A bridge over the Daintree River will undermine decades of conservation efforts in the Daintree Rainforest
An open letter from the founder of the Rainforest 4 Foundation.
The existing ferry crossing the Daintree River
The Daintree Lowland Rainforest is one of only two places on Earth where two World Heritage sites exist side-by-side. It is the oldest tropical rainforest in the world and boasts the greatest diversity of plants and animals found in Australia. There are more tree species in one hectare of the Daintree Rainforest than in all of the UK.
The Daintree’s natural values were exploited early. In 1883, the Daintree village on the southern side of the Daintree River was established as a base for the red cedar logging industry and 50 years later a road was built from Mossman heading north. In the 1960s a road was opened from the Daintree River to Cape Tribulation with a steel punt used as a ferry for carting timber trucks across the Daintree River.
It was around this time that ecologists began to truly understand the significance of the Wet Tropics bioregion and while a national park was declared over an area south of the Daintree River in 1966 with an additional 17,000 hectares added in 1981, it wasn’t long until developers started circling.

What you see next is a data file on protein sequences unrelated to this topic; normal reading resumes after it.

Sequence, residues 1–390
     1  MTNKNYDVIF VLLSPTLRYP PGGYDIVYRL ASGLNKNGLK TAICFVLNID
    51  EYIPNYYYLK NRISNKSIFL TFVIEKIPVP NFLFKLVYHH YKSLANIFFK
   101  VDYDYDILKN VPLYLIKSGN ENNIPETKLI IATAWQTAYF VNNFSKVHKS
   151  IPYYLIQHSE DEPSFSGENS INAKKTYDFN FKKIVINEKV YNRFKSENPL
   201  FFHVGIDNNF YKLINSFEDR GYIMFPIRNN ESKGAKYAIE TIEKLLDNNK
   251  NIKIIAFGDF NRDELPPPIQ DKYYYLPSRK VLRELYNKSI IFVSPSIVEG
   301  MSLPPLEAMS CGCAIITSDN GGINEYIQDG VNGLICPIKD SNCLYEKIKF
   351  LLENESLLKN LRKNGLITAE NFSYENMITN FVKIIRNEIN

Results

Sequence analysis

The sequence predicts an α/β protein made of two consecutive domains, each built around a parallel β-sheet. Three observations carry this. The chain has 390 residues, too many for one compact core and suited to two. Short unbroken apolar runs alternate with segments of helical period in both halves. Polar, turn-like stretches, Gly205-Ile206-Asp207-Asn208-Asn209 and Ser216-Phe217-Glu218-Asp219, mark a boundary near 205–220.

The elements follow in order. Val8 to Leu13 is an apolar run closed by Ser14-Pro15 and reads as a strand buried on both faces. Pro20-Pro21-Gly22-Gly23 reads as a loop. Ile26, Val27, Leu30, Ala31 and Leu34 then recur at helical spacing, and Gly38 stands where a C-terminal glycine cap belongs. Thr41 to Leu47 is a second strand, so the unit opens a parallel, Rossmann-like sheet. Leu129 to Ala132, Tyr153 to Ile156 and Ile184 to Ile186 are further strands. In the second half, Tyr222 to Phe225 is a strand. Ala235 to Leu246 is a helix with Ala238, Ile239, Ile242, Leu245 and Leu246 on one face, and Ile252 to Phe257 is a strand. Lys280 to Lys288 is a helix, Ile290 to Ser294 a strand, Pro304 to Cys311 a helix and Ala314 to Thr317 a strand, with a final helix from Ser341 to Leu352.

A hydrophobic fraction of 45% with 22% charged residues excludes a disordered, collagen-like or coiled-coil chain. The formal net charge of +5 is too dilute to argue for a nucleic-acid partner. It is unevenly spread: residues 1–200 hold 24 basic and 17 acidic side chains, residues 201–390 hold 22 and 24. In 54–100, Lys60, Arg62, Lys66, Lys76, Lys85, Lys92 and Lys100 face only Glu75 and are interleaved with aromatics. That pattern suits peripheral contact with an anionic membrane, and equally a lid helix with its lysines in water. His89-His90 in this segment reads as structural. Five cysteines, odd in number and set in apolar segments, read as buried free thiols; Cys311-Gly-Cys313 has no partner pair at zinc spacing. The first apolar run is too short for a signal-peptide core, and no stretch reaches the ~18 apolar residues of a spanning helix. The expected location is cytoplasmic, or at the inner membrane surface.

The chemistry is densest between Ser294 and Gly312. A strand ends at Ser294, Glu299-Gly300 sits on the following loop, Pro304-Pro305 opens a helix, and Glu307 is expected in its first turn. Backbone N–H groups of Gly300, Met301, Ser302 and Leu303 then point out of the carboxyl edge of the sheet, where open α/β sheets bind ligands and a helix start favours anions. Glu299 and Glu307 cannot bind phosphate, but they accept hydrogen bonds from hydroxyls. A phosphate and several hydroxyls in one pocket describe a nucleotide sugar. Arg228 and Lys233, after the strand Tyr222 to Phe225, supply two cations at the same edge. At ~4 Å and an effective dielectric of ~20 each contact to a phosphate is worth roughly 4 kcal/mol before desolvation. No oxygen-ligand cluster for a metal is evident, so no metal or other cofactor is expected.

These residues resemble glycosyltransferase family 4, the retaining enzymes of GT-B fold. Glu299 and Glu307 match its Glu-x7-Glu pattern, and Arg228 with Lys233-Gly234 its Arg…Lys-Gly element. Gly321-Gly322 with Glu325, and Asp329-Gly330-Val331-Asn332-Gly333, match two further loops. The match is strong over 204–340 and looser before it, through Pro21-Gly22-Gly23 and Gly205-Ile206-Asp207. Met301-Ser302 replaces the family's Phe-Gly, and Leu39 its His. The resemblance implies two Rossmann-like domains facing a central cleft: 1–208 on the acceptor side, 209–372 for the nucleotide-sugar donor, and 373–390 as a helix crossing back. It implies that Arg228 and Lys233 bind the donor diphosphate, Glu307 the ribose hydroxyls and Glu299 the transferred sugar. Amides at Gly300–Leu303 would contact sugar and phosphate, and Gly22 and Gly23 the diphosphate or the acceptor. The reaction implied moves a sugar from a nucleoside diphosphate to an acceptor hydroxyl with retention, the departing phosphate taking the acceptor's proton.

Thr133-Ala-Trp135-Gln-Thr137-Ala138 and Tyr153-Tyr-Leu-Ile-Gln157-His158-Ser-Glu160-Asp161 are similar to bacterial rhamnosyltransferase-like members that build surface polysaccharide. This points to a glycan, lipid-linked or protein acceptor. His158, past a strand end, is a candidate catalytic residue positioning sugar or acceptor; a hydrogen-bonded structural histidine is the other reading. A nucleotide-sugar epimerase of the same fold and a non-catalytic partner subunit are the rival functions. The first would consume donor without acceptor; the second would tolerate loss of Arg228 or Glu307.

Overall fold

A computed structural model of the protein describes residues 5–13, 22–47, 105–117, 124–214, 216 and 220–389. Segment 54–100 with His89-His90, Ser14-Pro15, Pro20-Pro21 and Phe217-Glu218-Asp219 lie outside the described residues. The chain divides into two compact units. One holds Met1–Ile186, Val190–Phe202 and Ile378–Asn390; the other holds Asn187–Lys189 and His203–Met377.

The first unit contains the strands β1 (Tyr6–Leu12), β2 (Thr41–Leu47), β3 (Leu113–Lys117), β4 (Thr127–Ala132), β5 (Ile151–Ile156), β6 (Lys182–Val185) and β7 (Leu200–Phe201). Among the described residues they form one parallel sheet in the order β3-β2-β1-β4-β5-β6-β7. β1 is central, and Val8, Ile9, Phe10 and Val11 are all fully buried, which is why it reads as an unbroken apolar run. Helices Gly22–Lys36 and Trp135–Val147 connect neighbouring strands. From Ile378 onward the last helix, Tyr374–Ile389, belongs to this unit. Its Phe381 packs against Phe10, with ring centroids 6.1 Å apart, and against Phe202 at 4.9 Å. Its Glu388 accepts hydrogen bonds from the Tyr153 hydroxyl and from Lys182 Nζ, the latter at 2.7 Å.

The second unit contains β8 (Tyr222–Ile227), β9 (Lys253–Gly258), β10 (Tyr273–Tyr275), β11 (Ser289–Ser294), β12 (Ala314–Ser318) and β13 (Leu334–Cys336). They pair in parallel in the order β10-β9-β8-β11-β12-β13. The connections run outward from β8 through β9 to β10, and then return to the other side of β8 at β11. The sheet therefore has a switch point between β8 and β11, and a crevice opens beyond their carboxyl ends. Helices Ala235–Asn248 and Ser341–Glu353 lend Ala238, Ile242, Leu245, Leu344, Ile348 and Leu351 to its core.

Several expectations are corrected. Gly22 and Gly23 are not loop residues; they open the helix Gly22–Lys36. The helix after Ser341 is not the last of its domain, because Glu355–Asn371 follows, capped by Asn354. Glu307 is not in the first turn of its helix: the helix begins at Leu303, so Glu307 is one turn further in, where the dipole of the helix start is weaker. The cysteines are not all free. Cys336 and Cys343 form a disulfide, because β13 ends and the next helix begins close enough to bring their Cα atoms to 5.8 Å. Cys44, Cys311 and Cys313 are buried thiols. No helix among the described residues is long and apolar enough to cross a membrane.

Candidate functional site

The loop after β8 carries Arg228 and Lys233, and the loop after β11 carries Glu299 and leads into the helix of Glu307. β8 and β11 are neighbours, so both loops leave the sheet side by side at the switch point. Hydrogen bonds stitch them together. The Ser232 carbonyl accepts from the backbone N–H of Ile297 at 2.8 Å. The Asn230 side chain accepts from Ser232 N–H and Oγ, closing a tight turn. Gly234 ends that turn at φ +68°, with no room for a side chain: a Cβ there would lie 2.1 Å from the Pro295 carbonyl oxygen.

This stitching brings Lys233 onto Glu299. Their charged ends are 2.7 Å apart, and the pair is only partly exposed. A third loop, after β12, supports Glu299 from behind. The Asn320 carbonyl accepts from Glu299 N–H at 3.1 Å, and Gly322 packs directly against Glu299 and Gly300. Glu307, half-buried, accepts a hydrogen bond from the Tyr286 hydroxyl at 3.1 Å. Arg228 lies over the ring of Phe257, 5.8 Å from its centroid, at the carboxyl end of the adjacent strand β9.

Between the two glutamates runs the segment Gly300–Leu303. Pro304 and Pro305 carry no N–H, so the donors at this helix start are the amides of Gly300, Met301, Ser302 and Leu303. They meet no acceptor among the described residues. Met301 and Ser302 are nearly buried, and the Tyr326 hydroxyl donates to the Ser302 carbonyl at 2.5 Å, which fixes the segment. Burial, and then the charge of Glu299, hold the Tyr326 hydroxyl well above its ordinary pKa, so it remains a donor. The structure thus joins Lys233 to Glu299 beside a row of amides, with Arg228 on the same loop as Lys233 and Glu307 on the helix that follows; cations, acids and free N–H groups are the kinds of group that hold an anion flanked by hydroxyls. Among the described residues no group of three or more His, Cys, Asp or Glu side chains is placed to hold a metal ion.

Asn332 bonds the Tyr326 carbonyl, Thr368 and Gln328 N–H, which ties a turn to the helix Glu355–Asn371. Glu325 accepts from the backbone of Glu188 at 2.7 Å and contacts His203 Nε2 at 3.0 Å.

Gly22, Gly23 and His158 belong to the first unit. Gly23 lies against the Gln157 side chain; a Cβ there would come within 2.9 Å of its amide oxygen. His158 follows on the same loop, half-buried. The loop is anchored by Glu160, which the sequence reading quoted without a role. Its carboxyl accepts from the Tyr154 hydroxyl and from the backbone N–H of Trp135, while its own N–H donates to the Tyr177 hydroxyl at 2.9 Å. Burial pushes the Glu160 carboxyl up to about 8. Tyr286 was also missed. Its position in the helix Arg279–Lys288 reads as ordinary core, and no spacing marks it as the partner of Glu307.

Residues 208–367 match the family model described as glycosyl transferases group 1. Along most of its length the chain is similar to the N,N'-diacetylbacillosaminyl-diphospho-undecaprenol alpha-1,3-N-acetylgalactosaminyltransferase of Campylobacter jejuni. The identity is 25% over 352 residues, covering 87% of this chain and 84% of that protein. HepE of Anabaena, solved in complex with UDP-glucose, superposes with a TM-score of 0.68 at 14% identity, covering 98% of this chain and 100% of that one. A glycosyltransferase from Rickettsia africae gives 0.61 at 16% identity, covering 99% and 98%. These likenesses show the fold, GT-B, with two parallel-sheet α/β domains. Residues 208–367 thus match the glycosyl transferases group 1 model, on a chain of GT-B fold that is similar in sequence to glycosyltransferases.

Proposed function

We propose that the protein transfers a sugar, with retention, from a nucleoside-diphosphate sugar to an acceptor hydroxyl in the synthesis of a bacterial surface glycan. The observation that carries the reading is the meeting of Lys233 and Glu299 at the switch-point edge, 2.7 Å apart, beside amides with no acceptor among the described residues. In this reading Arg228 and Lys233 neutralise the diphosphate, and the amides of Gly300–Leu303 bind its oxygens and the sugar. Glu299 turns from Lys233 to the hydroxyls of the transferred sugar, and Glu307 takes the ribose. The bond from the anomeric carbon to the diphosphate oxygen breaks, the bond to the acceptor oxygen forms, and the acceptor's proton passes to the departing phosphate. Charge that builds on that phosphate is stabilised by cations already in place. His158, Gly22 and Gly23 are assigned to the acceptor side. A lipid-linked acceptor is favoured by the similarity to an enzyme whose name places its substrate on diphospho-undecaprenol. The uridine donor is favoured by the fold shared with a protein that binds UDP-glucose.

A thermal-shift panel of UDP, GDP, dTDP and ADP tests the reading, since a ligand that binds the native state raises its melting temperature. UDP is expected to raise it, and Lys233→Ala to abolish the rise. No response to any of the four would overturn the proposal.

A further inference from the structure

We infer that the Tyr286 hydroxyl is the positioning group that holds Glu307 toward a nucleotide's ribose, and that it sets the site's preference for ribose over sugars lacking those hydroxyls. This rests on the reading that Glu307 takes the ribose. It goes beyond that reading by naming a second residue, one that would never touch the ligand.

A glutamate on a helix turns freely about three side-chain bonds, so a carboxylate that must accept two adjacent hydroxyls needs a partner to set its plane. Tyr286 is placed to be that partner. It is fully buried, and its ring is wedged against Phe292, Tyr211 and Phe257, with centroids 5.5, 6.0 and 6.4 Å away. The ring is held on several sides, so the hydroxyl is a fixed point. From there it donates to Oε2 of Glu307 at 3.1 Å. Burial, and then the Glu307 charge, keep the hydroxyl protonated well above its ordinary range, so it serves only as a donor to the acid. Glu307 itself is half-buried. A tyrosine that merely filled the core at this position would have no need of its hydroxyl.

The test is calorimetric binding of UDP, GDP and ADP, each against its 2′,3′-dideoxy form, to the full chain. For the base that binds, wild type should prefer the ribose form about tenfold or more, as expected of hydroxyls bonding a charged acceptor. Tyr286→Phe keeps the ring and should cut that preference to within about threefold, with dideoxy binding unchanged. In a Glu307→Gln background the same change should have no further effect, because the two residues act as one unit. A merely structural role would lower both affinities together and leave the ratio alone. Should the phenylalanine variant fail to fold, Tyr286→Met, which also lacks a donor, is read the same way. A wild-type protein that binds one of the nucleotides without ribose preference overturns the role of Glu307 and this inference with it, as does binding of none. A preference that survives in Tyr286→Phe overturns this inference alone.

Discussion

Forest protectors responded quickly to proposals for a new road through to Bloomfield (pictured below) and in 1983 a campaign unfolded with activists climbing trees, chaining themselves to machinery, and burying themselves in the path of bulldozers on a mission to clear rainforest for a new road. This blockade brought international attention to the values of the Daintree rainforest.
The Bloomfield Track in 1984
In the mid-1980s high conservation value rainforests were subdivided into 1,100 blocks for rural residential development with ads appearing as far afield as the Wall Street Journal and people from all over the world bought up our ancient rainforest.
In 1988, nearly 900,000 hectares of rainforest in north Queensland was declared as the Wet Tropics World Heritage Area and by the 1990s there was widespread recognition that development in the Daintree was inappropriate and needed to be capped.
The 1990s and 2000s saw several Government and NGO rescue programs unfold which resulted in properties either being bought back, having development rights removed or landowners compensated for lost development rights.